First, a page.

Communication: Does Your Child Have a Hearing or Speech Problem?

by Brodie Nepan

Hearing and Speech TestingCommunication skills begin way before your baby utters that first word. A speech or language problem can affect your child's behavior, social and academic skills.

The sooner you notice a problem, the less likely your child's difficulty will persist or get worse. Early speech and language intervention helps kids be more successful with reading, writing and relationships. Well child appointments help pinpoint problem areas, but you are the real expert on your child. Let your doctor know if you feel like communication skills could be lagging.

The list below shows ages that most children reach hearing and talking milestones. Typically they won't master everything until they reach the upper age in the range.

Take a look and see how your child measures up. If a single skill's yet to be reached, your child probably doesn't have a disorder. If you find that they have difficulty with most of the items in an age range, you might want to seek help.

Hearing and Speech Milestones

Birth to Three Months

Hearing and Understanding:

  • Startles at loud sounds
  • Quiets or smiles when you speak
  • Sucks more or less in response to sound


  • Makes gooing and cooing sounds
  • Uses different cries for different needs
  • Smiles at you

Four to Six Months

Hearing and Understanding:

  • Moves eyes toward sounds
  • Responds to changes in your tone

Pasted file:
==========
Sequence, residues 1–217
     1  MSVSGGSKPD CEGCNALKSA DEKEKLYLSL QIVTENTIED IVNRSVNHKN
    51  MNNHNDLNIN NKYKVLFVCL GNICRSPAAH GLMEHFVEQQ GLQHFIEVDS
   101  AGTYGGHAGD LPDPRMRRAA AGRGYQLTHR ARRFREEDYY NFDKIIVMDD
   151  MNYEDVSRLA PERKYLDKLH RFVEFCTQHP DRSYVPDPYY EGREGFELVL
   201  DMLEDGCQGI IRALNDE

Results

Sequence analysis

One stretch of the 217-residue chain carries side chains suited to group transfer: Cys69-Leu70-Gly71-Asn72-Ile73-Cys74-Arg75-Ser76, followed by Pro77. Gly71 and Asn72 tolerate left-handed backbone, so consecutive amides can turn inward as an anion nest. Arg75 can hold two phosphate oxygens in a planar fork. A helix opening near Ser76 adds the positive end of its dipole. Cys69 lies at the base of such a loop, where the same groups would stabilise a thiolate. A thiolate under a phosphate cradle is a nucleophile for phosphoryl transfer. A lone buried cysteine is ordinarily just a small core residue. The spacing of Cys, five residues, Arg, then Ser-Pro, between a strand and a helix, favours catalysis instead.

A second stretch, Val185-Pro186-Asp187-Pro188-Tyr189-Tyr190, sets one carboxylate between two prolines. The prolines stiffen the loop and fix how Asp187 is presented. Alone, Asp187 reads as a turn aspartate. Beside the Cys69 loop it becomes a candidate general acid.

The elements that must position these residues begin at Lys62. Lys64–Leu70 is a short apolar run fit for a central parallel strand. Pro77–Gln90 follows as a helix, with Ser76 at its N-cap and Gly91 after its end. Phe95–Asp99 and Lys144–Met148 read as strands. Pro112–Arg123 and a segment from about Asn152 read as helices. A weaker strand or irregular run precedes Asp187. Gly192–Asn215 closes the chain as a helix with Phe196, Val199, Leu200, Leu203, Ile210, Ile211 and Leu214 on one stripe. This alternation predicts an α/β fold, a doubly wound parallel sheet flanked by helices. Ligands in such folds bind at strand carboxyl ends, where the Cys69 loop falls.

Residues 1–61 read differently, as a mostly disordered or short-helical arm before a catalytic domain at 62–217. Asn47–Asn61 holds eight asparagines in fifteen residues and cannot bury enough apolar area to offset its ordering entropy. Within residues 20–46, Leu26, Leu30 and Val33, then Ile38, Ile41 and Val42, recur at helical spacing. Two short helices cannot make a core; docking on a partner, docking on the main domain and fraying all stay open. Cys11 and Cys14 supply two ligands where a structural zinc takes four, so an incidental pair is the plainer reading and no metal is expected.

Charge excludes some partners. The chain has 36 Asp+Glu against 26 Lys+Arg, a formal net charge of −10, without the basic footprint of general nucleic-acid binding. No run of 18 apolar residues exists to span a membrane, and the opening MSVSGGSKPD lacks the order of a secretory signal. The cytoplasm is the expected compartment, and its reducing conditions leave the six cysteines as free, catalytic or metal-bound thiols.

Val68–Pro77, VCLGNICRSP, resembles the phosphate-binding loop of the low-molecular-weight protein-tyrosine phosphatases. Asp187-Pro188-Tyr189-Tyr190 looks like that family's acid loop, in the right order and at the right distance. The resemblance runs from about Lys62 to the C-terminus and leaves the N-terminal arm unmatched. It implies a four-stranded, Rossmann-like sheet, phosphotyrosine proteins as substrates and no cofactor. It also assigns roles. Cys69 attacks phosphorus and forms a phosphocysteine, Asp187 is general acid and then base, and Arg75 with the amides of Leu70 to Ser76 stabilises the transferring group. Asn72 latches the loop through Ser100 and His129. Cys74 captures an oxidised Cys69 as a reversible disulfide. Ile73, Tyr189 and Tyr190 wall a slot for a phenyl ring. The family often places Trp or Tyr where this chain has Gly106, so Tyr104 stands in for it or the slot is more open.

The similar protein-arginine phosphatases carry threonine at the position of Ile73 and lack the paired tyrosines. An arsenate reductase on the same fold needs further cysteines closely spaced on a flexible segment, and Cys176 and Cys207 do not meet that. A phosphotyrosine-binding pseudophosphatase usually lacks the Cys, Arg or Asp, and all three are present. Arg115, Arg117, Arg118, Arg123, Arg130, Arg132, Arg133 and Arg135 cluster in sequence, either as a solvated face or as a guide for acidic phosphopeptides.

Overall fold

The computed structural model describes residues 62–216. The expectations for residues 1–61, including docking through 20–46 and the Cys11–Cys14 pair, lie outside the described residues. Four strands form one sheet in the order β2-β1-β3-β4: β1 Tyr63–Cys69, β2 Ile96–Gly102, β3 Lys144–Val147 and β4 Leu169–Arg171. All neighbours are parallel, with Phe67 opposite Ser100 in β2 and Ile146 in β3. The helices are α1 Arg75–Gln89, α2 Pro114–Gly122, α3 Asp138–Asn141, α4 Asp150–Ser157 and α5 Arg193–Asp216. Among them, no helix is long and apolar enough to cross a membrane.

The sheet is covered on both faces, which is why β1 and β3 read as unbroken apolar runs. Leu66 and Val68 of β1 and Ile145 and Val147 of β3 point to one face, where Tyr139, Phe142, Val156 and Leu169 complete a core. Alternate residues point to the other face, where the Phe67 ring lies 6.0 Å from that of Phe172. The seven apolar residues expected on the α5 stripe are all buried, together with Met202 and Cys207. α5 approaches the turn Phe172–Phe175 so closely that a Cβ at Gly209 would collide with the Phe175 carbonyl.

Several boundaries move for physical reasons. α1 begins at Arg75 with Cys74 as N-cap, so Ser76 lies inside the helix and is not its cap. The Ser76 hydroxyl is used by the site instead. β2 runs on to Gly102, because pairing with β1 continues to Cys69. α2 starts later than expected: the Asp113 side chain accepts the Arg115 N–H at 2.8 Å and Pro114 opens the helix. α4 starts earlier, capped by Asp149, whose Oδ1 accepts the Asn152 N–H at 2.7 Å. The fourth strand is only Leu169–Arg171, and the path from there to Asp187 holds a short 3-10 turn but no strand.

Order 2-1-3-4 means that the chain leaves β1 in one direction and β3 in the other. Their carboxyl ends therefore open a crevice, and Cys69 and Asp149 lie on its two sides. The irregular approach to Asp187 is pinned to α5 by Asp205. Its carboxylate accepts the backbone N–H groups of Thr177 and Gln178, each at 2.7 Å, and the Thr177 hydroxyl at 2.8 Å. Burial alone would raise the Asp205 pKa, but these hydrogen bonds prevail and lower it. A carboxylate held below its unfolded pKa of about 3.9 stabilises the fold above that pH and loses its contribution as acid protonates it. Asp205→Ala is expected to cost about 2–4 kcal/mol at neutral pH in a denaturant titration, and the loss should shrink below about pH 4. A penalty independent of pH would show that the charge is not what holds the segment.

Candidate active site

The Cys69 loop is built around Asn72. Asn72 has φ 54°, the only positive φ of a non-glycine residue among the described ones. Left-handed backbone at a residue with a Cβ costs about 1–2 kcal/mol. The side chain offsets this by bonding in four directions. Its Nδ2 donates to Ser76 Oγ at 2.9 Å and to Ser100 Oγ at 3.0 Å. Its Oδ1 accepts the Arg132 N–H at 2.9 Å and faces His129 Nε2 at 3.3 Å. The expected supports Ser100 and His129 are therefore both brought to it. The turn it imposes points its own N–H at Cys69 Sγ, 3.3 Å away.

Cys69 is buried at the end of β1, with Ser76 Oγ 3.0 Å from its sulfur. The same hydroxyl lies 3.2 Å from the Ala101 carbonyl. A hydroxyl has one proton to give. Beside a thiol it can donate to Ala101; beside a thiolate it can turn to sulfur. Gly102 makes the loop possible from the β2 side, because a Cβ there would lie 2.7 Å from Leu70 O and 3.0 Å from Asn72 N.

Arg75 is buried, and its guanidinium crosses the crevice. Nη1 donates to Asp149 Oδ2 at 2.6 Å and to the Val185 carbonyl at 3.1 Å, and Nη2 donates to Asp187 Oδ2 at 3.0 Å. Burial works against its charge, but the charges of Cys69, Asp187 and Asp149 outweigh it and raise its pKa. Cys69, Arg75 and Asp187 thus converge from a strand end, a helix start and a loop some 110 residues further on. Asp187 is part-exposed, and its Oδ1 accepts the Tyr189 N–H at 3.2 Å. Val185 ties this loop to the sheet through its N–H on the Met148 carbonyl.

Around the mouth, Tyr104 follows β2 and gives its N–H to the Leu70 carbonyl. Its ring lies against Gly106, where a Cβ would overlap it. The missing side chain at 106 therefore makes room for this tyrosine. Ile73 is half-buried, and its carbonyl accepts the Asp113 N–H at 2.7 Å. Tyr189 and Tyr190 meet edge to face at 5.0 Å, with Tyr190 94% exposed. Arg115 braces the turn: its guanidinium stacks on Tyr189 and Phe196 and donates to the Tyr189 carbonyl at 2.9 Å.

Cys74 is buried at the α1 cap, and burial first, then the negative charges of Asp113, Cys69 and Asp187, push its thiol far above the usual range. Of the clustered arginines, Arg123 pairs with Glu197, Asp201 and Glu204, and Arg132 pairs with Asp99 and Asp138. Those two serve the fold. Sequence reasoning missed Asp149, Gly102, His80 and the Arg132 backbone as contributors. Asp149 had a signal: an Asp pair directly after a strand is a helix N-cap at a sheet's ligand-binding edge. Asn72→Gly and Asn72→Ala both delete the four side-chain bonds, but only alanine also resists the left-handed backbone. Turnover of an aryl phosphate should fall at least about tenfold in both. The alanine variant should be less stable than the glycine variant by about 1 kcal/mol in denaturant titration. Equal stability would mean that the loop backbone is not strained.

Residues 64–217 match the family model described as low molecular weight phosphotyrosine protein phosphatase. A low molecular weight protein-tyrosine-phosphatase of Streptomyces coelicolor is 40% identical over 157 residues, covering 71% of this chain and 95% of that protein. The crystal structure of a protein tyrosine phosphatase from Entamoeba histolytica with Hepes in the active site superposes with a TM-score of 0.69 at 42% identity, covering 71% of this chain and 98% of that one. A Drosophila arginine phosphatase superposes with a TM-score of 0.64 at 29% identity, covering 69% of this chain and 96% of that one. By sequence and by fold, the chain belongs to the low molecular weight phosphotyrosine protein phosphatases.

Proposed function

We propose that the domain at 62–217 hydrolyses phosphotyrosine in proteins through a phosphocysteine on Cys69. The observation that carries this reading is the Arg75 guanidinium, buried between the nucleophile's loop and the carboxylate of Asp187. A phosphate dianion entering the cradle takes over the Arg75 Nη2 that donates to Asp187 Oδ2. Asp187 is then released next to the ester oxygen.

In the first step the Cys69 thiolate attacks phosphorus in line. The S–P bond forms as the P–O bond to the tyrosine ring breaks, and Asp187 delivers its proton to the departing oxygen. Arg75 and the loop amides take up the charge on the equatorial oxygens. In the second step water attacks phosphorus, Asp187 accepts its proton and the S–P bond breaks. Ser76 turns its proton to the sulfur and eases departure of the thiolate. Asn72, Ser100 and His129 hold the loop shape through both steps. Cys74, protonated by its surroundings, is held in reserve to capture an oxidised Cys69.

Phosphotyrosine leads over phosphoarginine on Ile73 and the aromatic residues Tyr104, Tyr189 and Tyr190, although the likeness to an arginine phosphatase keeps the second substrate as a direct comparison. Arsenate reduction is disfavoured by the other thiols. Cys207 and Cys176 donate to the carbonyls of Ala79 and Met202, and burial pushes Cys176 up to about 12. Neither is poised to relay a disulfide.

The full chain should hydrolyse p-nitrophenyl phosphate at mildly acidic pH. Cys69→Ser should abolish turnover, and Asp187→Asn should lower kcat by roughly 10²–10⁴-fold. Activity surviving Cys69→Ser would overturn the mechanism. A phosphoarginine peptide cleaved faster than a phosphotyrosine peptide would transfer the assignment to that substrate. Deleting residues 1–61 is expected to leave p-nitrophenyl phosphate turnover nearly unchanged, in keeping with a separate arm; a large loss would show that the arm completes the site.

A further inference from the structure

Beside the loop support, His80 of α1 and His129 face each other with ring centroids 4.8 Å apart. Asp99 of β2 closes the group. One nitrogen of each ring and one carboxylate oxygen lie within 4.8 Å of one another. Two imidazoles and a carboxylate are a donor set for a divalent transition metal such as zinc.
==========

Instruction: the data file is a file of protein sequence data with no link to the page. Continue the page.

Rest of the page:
• Notices toys that make sounds
  • Is aware of music


  • Babbling sound more like speech and includes different sounds
  • Laughs and chuckles
  • Uses sounds to express excitement and displeasure
  • Makes gurgling sounds

Seven Months to One Year

Hearing and Understanding:

  • Enjoys playing games like pat-a-cake and peek-a-boo
  • Listens when you speak
  • Turns and tries to locate sounds
  • Recognizes common words
  • Begins to respond to requests


  • Babbles in both long and short groups of sounds
  • Uses sounds besides crying to get attention
  • Waves, holds up arms or uses other gestures to communicate
  • Imitates speech sounds
  • Says one or two words around first birthday

One to Two Years Old

Hearing and Understanding:

  • Can point to a few body parts when asked
  • Understands simple questions and can follow simple requests
  • Listens to stories, songs and rhymes
  • Points to pictures in a book when named


  • Says more words every month
  • Uses one- and two-word questions like "What's that?"
  • Puts two words together
  • Uses different consonant sounds at the beginning of words

Two to Three Years

Hearing and Understanding:

  • Understands differences in meaning of words like stop and go
  • Follows two requests
  • Enjoys hearing longer stories


  • Has a word for almost everything
  • Uses two or three words to ask for things and often calls objects by name
  • Uses k, g, f, t, d and n sounds
  • Friends and family understand speech most of the time

    Four to Five Years

    Hearing and Understanding:

    • Pays attention to short stories and asks questions about them
    • Hears and understands most of what is said at home and school


    • Uses sentences with details
    • Tells stories that stick to a topic
    • Can communicate easily with adults and other children
    • Says rhyming words
    • Uses the same grammar as the rest of the family

    Getting Help

    If you think your child has a speech, language, or hearing problem, you can contact an audiologist or a speech-language pathologist.

    Audiologists specialize in preventing, diagnosing, identifying, and non-medical treatment of those with hearing loss and balance disorders.

    Speech-language pathologists help individuals develop their communication abilities and treat speech, language, swallowing, and voice disorders.